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What is Uranium?

Mary McMahon
By
Updated May 21, 2024
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Uranium is a metallic chemical element which is classified among the actinides on the periodic table of elements. It is perhaps most famous as the source of fuel for nuclear weapons and power plants, but it has a range of uses as well. Deposits of this element have been found in several regions of the world, and the element is fairly abundant in nature, keeping prices relatively low under normal conditions. Because this element is toxic and radioactive and because it has potentially very dangerous uses, access to the world's supply of uranium is tightly restricted.

When uranium is isolated from the metal ores it occurs in, it is a silvery white, very heavy metal which is extremely reactive and a little bit softer than steel. Because this element is so reactive, it quickly forms a thick gray to black tarnish when exposed to air. There are 14 known isotopes of uranium, and the element also appears in a number of chemical compounds, some of which have industrial uses. You can find this element on the periodic table of elements by looking for the “U” symbol, or atomic number 92.

Humans have actually been aware of this substance for a very long time. As early as the first century CE, uranium oxide was used in glass and pottery colorants. The element itself was isolated in 1789 by Martin Klaproth, who named it for the planet Uranus, which had only recently been discovered. It took another 100 years for people to realize that this element was radioactive, and several more decades elapsed before people recognized radioactivity as a health risk.

This element's reactivity makes it ideally suited to making fuel for nuclear power plants, reactors which power submarines, and of course nuclear weapons. The metal was also used in uranium glass before people realized this usage was dangerous, and it is used in nuclear medicine, research, and in dating of archaeological finds. Several militaries also use a form of uranium in high density penetrating rounds; this usage has been subject to controversy, as such rounds can potentially present a health risk if they are not properly disposed of.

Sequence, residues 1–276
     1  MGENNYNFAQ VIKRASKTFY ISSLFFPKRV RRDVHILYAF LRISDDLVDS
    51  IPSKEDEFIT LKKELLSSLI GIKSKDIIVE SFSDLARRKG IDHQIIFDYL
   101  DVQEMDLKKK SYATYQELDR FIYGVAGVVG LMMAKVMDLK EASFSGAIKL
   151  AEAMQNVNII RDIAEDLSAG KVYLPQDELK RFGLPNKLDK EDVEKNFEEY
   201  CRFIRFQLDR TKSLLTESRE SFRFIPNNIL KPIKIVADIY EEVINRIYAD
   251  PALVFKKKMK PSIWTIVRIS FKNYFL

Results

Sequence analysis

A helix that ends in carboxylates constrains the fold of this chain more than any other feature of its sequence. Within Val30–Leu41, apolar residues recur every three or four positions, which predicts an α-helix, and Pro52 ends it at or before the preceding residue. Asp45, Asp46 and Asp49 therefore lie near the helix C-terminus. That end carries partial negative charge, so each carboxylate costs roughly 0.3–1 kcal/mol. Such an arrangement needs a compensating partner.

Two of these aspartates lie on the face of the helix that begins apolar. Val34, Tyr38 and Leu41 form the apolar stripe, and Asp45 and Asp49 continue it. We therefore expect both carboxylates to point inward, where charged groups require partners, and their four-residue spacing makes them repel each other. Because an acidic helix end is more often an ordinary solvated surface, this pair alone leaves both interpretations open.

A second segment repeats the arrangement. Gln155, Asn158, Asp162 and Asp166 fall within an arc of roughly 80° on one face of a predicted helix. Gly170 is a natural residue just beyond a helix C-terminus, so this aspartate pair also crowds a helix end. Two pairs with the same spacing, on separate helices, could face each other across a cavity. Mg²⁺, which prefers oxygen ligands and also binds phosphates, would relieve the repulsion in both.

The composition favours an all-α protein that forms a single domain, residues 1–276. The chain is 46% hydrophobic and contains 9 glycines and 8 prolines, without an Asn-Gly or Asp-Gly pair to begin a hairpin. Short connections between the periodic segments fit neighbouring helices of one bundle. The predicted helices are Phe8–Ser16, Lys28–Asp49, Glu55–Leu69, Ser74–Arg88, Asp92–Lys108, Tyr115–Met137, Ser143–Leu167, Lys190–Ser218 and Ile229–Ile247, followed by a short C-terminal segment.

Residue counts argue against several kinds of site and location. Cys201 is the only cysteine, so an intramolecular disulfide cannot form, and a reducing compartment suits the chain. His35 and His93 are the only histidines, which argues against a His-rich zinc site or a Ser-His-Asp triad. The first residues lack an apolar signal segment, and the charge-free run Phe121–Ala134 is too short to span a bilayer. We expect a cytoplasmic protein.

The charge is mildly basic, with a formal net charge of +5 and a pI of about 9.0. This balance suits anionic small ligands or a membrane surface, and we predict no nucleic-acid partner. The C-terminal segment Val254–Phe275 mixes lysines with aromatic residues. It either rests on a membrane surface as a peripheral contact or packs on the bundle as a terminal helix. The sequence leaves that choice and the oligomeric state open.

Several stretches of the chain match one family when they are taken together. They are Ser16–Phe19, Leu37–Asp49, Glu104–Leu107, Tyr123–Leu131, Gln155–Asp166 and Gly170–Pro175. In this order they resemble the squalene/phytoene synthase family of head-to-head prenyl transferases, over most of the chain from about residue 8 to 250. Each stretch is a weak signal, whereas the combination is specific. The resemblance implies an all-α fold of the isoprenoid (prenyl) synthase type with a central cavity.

Because uranium is toxic, it needs to be handled very carefully. It can cause severe organ damage, and its dust can irritate mucus membranes such as those found in the lungs. The radioactivity of the metal is also a health risk, as is the explosiveness of the dust. Most people who work around this element are trained to use basic safety precautions to keep their work safe.

All The Science is dedicated to providing accurate and trustworthy information. We carefully select reputable sources and employ a rigorous fact-checking process to maintain the highest standards. To learn more about our commitment to accuracy, read our editorial process.
Mary McMahon
By Mary McMahon

Ever since she began contributing to the site several years ago, Mary has embraced the exciting challenge of being a All The Science researcher and writer. Mary has a liberal arts degree from Goddard College and spends her free time reading, cooking, and exploring the great outdoors.

Discussion Comments

By anon973623 — On Oct 12, 2014

To tell you the truth, nobody knows what uranium looks like. Scientists keep it to themselves. Besides, working with uranium causes cancer.

By anon351644 — On Oct 15, 2013

What other elements react with uranium?

By anon215630 — On Sep 19, 2011

Where do they mine for uranium?

By anon185549 — On Jun 12, 2011

there is lots of uranium in canada.

By anon171792 — On May 01, 2011

where does it come from?

By anon117502 — On Oct 11, 2010

everywhere, but there is a great deal in australia.

By anon22300 — On Dec 01, 2008

where do they mine uranium ??

Mary McMahon

Mary McMahon

Ever since she began contributing to the site several years ago, Mary has embraced the exciting challenge of being a...

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